I get around

20 Feb

Anywhere in the world you go has its pros and cons relative to another place. This is a universal truth. Some places are better than others and some places are worse and no place is perfect. There are a lot of things I like better about Australia and plenty of things I miss about America.

Today I’d like to talk about what each country gets right and wrong about transportation.

One thing I really enjoy about living here is the ease with which one can get around without a car. In America, the sidewalks, if there are any at all, are disconnected, poorly maintained, and don’t really lead anywhere.

Most cities in America are not bike friendly and among the few cities that have bothered to put in bike lanes, they are often unconnected, following strange routes, and usually dangerous, as motorists there aren’t educated about sharing the road and aren’t used to watching out for cyclists.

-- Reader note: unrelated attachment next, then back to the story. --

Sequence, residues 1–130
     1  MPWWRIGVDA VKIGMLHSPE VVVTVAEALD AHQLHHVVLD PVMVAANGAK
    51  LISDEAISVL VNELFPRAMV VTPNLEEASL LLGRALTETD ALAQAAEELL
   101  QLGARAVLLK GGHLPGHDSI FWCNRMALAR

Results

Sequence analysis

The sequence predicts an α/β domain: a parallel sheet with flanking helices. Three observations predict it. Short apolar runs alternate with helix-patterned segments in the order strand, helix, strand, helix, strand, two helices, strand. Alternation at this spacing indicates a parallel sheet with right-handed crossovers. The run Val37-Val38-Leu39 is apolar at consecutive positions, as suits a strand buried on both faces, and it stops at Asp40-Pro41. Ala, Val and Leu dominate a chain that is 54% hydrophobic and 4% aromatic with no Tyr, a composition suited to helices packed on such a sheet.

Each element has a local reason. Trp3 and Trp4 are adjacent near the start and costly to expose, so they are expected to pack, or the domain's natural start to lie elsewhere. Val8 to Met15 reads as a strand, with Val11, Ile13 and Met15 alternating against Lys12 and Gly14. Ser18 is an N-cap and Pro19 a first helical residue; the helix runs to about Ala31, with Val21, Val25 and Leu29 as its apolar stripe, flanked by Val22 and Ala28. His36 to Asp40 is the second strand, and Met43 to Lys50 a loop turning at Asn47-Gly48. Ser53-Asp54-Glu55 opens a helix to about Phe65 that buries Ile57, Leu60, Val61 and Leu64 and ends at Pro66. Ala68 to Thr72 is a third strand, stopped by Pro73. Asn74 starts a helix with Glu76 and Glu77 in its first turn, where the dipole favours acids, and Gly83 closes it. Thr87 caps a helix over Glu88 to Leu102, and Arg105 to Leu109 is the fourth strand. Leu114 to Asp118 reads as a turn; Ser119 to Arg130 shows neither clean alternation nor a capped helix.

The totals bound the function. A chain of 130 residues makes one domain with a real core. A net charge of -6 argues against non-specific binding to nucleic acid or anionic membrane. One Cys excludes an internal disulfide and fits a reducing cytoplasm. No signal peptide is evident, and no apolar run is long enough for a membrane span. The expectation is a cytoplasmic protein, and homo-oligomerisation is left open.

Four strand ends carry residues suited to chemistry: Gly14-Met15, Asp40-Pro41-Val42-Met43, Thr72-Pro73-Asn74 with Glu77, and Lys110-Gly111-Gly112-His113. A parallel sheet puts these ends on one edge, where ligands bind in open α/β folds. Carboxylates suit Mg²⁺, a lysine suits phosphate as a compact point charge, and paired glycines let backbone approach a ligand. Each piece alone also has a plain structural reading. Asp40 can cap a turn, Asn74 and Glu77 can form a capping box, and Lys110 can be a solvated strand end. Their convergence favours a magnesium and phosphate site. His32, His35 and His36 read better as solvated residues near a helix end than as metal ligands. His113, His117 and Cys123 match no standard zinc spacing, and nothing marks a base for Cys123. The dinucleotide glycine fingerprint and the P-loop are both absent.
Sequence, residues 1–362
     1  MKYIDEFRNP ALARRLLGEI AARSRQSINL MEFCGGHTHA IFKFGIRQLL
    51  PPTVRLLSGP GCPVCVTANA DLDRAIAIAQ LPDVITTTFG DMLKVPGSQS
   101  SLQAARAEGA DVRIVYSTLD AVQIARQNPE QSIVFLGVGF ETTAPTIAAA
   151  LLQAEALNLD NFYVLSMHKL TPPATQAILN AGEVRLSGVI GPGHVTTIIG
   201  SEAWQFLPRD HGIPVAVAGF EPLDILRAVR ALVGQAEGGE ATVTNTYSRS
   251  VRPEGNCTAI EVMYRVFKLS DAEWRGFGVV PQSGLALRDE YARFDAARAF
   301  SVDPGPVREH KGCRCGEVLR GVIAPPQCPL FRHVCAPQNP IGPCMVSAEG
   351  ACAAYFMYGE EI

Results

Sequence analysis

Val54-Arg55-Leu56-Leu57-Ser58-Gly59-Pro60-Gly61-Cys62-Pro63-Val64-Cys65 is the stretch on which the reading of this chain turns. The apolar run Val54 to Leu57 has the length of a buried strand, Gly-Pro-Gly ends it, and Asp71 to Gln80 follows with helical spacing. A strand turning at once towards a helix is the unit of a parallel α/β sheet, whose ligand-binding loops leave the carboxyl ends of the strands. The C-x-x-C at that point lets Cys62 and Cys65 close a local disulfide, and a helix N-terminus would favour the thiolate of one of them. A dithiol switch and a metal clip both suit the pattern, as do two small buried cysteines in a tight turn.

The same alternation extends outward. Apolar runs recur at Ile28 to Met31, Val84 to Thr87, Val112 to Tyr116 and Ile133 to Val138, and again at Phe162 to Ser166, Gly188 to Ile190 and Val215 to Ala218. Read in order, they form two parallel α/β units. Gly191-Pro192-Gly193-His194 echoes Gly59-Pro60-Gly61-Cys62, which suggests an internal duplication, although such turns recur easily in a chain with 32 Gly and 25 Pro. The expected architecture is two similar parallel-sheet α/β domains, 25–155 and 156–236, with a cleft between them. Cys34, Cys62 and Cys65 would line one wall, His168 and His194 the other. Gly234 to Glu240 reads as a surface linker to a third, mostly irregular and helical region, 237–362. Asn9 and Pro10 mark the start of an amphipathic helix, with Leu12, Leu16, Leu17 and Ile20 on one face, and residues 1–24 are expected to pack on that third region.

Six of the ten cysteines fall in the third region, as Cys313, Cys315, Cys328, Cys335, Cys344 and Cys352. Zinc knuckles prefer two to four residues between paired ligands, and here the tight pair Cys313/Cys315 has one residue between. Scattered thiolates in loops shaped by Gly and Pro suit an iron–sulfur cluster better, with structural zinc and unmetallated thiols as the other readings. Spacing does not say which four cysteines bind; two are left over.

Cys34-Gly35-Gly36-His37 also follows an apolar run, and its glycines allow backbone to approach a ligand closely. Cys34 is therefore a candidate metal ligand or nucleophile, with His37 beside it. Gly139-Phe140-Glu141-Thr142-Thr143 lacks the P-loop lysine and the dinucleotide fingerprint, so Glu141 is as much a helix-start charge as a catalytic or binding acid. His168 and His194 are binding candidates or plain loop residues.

A typical Melbourne tram

Then there’s public transportation. Only a few cities in America have decent public transportation and whether or not it is safe is another matter entirely. Most cities just have a bus service and in those cities, the buses are generally unofficially reserved for people of a certain colour and class and woe to you should you attempt to intrude on their territory without being one of them. I took this kind of public transportation once for about a year before the harassment, threats, and attempted attacks finally convinced me I’d be better off taking a car when I needed to go somewhere. Even in cities where all types take public transport (i.e. New York, Washington DC), I never felt particularly safe, especially in the later hours.